Ed. note: Apologies for the technical difficulties that have prevented us from posting until now. Thanks for your patience!
* Attention prospective law school applicants: affirmative action, at least as we currently know it, may not be long for this world. A decision in the Fisher v. University of Texas case is expected as early as this week. Stay tuned. [Reuters]
* Justice Stephen Breyer had to get shoulder replacement surgery after having yet another bike accident (his third, actually). Please — somebody, anybody — get this man some training wheels. Justice is at stake! [New York Times]
* “We’re not going to take it, goodbye.” That’s what retired Justice Sandra Day O’Connor wishes the high court would have said when it came to the controversial Bush v. Gore case. [Chicago Tribune]
* Thanks to the sequester, the Boston bombings case may turn into a “David and Goliath” situation. Sorry, Dzhokhar, but your defense team may be subject to 15 days of furlough. [National Law Journal]
* George Gallantz, the “founding father” of Proskauer’s sports law practice, RIP. [New York Law Journal]
* Leo Branton Jr., the defense attorney at the helm of the Angela Davis trial, RIP. [New York Times]
So they finally read Dzhokhar Tsarnaev his rights. Good thing we have that public safety exception to the Constitution. Who can be bothered to hold fast to our most sacred rights and liberties when there might be something bad happening! Obviously, once he was read his rights Tsarnaev immediately stopped talking and the government was unable to protect us from… oh wait, that didn’t happen. Tsarnaev kept talking (or nodding, as it were), even after informed of the basic rights guaranteed to him as a U.S. citizen.
But he did communicate that he couldn’t afford a lawyer. Luckily for him, the magistrate judge who read him his rights at his hospital bedside came with federal public defender in tow.
Let’s meet the people who will do this distasteful work so the rest of us can crucify the guy while being confident he’ll get a fair trial…
He just had his boat shot up and had a terrorist live in it for a day. If the dude wants an upgraded boat, let’s get the guy a boat without terrorist blood in it.
– John Phillips, a Florida personal injury attorney, offering commentary on the quest to get David Henneberry of Watertown, Massachusetts, a new boat. Phillips plans to send Henneberry $1,000 for a new boat — after all, the bullet-riddled boat that once housed suspected Boston Marathon bomber Dzhokhar Tsarnaev will probably be held as evidence while the investigation unfolds.
Given the events of this week, it’s important for us to understand the gaps and loopholes in our immigration system. While we don’t yet know the immigration status of people who have terrorized the communities in Massachusetts, when we find out it will help shed light on the weaknesses of our system.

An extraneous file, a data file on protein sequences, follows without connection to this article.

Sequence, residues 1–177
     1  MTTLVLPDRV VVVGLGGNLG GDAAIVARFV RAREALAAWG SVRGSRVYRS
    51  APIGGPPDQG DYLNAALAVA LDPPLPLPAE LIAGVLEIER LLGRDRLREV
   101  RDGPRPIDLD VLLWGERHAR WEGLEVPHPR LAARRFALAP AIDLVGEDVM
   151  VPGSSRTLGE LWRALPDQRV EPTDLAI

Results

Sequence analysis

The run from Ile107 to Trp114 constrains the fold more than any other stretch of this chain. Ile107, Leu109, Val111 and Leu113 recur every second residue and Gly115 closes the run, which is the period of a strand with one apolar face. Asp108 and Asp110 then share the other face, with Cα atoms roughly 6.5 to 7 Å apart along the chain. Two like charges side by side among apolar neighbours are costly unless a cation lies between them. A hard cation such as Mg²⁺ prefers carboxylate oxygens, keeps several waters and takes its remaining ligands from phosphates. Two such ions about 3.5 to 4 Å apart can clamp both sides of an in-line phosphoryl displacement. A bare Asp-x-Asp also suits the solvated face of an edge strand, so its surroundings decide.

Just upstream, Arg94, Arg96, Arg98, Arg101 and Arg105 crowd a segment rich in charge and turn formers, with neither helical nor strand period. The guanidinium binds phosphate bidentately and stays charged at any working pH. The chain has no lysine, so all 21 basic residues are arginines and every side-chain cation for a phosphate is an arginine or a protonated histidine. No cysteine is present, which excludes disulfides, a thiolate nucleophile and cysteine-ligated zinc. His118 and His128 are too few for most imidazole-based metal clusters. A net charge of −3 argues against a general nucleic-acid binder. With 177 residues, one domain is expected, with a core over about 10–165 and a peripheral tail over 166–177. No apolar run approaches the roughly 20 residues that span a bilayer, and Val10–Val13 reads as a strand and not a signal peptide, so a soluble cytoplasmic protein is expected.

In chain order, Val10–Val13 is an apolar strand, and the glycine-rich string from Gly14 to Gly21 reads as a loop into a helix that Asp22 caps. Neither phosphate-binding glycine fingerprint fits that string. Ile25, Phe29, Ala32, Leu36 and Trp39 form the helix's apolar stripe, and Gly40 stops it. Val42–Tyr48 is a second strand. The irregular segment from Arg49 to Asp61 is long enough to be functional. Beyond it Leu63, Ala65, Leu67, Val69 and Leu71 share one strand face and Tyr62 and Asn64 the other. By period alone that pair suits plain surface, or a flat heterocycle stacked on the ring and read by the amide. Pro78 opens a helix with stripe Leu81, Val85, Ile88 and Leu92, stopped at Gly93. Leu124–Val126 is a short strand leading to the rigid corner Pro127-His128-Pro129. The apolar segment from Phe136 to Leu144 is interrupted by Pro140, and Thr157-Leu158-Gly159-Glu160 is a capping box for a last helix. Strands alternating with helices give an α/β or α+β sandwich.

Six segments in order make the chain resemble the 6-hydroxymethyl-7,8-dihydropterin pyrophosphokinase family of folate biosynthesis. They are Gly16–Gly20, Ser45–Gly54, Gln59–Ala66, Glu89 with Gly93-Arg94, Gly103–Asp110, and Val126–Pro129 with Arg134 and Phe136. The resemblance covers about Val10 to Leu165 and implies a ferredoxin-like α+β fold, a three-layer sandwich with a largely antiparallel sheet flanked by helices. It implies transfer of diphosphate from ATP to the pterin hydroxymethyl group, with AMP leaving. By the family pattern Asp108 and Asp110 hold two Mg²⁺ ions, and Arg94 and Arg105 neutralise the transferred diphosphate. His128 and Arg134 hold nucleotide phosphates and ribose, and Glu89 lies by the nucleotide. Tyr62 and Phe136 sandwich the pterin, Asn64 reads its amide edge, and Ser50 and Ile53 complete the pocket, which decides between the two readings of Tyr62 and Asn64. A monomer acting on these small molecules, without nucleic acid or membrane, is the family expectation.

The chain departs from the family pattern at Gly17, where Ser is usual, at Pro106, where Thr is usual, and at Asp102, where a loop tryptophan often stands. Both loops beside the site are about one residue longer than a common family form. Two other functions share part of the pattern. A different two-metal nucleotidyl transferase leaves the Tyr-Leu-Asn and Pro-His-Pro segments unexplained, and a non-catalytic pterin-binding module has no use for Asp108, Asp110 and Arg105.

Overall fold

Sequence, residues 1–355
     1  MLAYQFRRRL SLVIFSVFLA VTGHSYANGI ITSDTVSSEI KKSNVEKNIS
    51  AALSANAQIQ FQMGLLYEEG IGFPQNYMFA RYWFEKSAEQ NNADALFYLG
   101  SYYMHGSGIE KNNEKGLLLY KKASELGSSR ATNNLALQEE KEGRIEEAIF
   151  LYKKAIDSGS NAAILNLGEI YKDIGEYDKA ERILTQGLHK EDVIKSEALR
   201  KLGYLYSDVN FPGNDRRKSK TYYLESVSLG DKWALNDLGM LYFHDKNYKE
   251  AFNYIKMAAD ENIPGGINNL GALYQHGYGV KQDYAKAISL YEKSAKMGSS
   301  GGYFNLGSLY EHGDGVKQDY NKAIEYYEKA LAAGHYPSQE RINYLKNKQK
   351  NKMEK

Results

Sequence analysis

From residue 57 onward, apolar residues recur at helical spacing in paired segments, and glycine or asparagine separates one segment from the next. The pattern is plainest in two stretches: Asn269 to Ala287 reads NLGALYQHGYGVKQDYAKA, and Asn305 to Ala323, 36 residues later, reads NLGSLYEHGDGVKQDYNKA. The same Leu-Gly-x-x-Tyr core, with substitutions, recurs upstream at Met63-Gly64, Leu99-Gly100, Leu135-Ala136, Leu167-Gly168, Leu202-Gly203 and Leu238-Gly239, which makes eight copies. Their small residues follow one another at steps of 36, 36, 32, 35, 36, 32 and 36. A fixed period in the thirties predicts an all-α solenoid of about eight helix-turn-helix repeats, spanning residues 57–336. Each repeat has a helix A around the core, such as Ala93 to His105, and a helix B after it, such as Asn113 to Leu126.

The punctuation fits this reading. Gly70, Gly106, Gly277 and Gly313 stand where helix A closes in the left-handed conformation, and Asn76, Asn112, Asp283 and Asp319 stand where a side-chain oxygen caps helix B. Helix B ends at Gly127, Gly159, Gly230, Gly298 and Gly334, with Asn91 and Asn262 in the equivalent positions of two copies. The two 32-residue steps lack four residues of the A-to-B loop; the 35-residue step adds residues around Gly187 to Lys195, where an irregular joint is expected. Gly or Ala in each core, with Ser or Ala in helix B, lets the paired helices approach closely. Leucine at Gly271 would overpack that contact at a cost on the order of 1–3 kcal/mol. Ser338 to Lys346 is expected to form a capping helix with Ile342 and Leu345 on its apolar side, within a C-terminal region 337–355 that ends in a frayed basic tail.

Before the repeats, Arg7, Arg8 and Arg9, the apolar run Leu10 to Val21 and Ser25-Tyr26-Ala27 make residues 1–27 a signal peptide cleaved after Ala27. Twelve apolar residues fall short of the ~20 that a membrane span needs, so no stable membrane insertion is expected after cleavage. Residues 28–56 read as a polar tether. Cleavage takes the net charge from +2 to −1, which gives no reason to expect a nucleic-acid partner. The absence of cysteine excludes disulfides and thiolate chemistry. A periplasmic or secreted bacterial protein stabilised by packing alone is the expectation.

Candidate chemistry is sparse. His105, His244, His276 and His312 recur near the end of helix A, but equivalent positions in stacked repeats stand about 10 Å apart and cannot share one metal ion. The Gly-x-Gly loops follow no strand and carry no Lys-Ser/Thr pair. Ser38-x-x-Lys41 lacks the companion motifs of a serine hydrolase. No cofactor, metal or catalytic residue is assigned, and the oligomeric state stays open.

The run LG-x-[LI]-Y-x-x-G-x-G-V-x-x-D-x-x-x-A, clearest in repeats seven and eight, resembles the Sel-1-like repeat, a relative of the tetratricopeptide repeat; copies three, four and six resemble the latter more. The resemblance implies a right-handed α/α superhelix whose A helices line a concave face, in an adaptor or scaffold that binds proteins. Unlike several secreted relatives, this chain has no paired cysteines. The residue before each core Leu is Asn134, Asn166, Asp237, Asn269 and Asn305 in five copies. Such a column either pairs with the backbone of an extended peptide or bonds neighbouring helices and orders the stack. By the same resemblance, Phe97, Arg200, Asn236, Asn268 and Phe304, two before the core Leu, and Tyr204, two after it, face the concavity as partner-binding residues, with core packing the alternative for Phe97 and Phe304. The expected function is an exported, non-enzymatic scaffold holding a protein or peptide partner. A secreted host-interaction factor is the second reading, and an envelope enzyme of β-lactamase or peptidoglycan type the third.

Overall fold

How can individuals evade authority and plan such attacks on our soil? How can we beef up security checks on people who wish to enter the United States? How do we ensure that people who wish to do us harm are not eligible for benefits under the immigration laws, including this new bill before us?
Since last night, much has been discovered about the suspects in the Boston Marathon bombings, including their names: Tamerlan Tsarnaev (Suspect #1) and Dzhokhar A. Tsarnaev (Suspect #2). While Tamerlan died overnight in a police firefight, Dzhokhar remains at large. On his Vkontakte page, which is essentially the Russian version of Facebook, Dzhokhar notes that his personal priorities are “career and money.”
Now, everyone who hasn’t been following the news about the employment/debt crisis for recent law school grads knows that if those are your aspirations in life, you should head to law school.
* “Yes, it is true.” Justice Scalia admitted in a speech this week that he was guided to the right by his colleague, Justice Thomas, who’s apparently “a very stubborn man.” [Wall Street Journal (sub. req.)]
* It’s about time to say so long to your ticking tax time bomb: in President Obama’s proposed budget for 2014, he eliminates taxes on forgiven loan debt under all IBR plans. [Bucks / New York Times]
* “I am the luckiest man in the world.” Larry Macon, an Akin Gump partner from Texas, had nearly finished the Boston Marathon when the bombs exploded, but lived to tell his tale. [Am Law Daily]
* Because sometimes you need to steal $374K worth of copy toner. This ex-Fried Frank staffer pleaded guilty to grand larceny, and is looking at up to 15 years in jail. [Thomson Reuters News & Insight]
* Judge Victor Marrero isn’t a fan of SEC policy, but when it comes to this civil insider trading case, SAC Capital may get to walk away without admitting or denying anything. [DealBook / New York Times]
* This Yale Law graduate is suing Brooks Brothers over a three-button suit, and wants $2K for the 90 minutes he spent arguing over it in the store. Who is the $1333/hour man? [New York Daily News]
* Lat’s turning his serialized web fiction into a real live book, scheduled for publication in 2014. Congrats, Lat! [Supreme Ambitions]
* REMINDER: If you’re looking to enter the annual ATL Law Revue Video Contest, send us that submission by THURSDAY, APRIL 18, at 5:00 PM (Eastern time). That’s not a soft, law school deadline; it’s a hard, law firm deadline. [Above the Law]
* A reminder that yesterday’s events may be more aptly compared to the Atlanta Olympics bombing than 9/11, at least with regard to the targeting of a public event, regardless of the media’s inclinations. [Balloon-Juice]
* Employees around the country are wildly abusing Twitter’s new app, Vine, exposing themselves to retribution and disclosing confidential information. And I’m highly looking forward to the first “Biglaw associate abuses Vine” tip showing up in my inbox. [Connecticut Employment Law Blog]
* Bear Lawyer comments on the Bitcoin debacle. [Bear Lawyer]